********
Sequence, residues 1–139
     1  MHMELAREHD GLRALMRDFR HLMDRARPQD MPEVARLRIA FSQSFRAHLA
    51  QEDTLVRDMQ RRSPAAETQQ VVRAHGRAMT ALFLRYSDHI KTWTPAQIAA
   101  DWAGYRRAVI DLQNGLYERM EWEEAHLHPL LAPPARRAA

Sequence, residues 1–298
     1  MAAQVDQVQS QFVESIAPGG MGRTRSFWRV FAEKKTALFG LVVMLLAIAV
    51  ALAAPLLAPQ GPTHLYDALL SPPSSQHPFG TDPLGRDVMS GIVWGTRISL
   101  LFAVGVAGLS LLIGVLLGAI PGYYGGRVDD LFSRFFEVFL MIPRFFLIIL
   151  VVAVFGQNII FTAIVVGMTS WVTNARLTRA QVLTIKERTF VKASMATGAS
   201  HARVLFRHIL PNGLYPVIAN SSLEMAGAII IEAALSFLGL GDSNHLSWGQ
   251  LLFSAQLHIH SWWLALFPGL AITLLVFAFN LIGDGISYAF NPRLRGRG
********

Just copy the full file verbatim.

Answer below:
Sequence, residues 1–139
     1  MHMELAREHD GLRALMRDFR HLMDRARPQD MPEVARLRIA FSQSFRAHLA
    51  QEDTLVRDMQ RRSPAAETQQ VVRAHGRAMT ALFLRYSDHI KTWTPAQIAA
   101  DWAGYRRAVI DLQNGLYERM EWEEAHLHPL LAPPARRAA

Sequence, residues 1–298
     1  MAAQVDQVQS QFVESIAPGG MGRTRSFWRV FAEKKTALFG LVVMLLAIAV
    51  ALAAPLLAPQ GPTHLYDALL SPPSSQHPFG TDPLGRDVMS GIVWGTRISL
   101  LFAVGVAGLS LLIGVLLGAI PGYYGGRVDD LFSRFFEVFL MIPRFFLIIL
   151  VVAVFGQNII FTAIVVGMTS WVTNARLTRA QVLTIKERTF VKASMATGAS
   201  HARVLFRHIL PNGLYPVIAN SSLEMAGAII IEAALSFLGL GDSNHLSWGQ
   251  LLFSAQLHIH SWWLALFPGL AITLLVFAFN LIGDGISYAF NPRLRGRG